Hornets complete deal for Stojakovic

OKLAHOMA CITY -- The New Orleans Hornets' big offseason
signing was about more than getting the player they felt was the
best available.

"I think now everybody around the league knows that we're
serious about getting better and being a competitive basketball
team," coach Byron Scott said Wednesday night. "We're serious
about winning."

The Hornets completed their acquisition of three-time All-Star
Peja Stojakovic through a sign-and-trade deal with Indiana on
Wednesday. Stojakovic's agent, David Bauman, had said last week
that Stojakovic would sign as a free-agent with New Orleans, but
general manager Jeff Bower said the sign-and-trade deal was better
for both sides.

The Hornets also get cash in the deal, while the Pacers receive
the draft rights to Andrew Betts, a 7-foot-1 center from Britain
who was a second-round draft pick by the Hornets in 1998. Betts has
never played in the NBA.

Bauman has said Stojakovic's deal with the Hornets would be
worth $64 million over five years.

Hornets owner George Shinn called Stojakovic's acquisition
"perhaps the biggest offseason acquisition in the history of the

"I wasn't really trying to prove a point. I do know in the last
season or two we made a couple passes at some players that were out
there and they fell through. ... We just decided that if we're
going to get it done, we've got to get everybody's attention and
let them know we want to get it done," Shinn said.

"We all realized how much getting the best shooter in the NBA
to join our team, how much it would help us."

Stojakovic gives the Hornets the outside shooter they lacked
last season in a surprising 20-win improvement that kept them in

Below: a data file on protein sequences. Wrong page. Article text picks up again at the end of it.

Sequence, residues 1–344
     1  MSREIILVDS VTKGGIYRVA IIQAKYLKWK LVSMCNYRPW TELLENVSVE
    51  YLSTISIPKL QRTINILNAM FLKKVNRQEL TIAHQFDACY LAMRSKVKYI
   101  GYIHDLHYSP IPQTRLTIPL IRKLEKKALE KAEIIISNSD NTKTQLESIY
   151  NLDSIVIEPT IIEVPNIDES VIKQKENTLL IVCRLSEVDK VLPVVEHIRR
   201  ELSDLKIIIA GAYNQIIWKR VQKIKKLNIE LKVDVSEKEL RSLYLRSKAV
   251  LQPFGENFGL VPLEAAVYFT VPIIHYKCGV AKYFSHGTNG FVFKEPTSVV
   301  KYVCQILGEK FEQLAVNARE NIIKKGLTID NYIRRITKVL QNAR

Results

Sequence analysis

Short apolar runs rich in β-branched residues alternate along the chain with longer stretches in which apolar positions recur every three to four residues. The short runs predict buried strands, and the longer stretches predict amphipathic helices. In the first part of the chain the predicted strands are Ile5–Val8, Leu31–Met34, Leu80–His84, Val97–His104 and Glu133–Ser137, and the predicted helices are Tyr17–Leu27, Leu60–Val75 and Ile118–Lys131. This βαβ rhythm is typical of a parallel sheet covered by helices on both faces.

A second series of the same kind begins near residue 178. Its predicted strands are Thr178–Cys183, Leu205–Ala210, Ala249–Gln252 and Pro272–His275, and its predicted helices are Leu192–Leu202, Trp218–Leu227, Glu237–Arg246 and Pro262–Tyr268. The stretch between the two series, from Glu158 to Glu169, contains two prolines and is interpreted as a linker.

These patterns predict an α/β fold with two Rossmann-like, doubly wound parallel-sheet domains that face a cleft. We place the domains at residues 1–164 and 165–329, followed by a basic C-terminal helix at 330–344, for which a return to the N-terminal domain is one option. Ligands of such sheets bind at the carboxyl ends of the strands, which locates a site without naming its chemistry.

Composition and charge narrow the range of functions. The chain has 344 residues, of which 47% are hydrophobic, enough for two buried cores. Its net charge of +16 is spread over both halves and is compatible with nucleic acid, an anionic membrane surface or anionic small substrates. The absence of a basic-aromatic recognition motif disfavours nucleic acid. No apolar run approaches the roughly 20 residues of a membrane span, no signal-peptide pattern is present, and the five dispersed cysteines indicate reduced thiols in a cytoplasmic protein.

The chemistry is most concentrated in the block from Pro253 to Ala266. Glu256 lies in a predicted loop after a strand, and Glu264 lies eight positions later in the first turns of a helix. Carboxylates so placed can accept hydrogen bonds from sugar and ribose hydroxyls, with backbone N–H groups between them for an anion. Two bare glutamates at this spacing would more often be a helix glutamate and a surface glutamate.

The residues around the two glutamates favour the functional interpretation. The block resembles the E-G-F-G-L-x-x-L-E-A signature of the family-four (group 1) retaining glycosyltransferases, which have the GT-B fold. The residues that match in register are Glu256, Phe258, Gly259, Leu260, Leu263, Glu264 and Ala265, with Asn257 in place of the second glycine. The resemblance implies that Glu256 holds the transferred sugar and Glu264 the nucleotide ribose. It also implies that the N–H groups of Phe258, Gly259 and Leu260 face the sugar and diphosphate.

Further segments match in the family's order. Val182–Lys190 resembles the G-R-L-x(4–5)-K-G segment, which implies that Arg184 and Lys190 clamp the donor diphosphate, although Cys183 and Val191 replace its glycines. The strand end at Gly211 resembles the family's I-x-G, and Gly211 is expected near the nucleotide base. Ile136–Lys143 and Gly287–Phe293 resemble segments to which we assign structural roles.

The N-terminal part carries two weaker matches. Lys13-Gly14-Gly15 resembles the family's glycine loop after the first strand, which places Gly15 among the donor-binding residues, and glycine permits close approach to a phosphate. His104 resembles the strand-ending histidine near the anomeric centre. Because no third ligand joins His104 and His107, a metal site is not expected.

the playoffs until the final week of the season. He rejoins former
teammate Bobby Jackson, who has also agreed to terms with the

The Jackson signing and New Orleans' trade that sent forward
P.J. Brown and guard J.R. Smith to Chicago for center Tyson Chandler haven't been made official yet. Bower said the Hornets
were prioritizing the deals for salary cap reasons.

"We've been able to add these quality players and still
maintain all that cap flexibility. Contracts are staggered, they
are in order of priority, they all fit and we are going to be able
to maintain a lot of cap flexibility and still operate as a team
with a real sound financial base but with good players," Bower

Scott said he expected Stojakovic to start at shooting guard
with Desmond Mason staying put at small forward. Stojakovic said he
found the two positions to be interchangeable in Sacramento, where
Scott was an assistant coach for two seasons before landing his
first head coaching gig in New Jersey.

The Hornets also return rookie of the year Chris Paul at point
guard and leading scorer David West at power forward. Chandler
joins first-round picks Hilton Armstrong and Cedric Simmons in a
suddenly crowded, young frontcourt.

"I think this team has a lot of talent and it deserves to be in
the playoffs," said Stojakovic, a two-time winner of the NBA's
3-point shooting contest who has averaged 18.4 points for his

Stojakovic's teams have made the playoffs each of his eight
seasons -- including five years with Jackson in Sacramento.

"Bobby's a great guy and of course he's an unbelievable player,
a great addition to the Hornets. We played five years together, and
he's going to bring unbelievable energy to this team on both ends
of the court. I'm excited to play with him again. It's going to be
an exciting season."

Bower said the Hornets also were in "rather extensive talks"
daily with free agent forward Rasual Butler, who averaged 8.7
points and led New Orleans in 3-pointers last season.

"Both ourselves and Rasual have great interest in each other
and would like to see something work and come together but we're
not at that point yet," Bower said. "If it's the right fit and
the right time, maybe we'll be able to get together on it."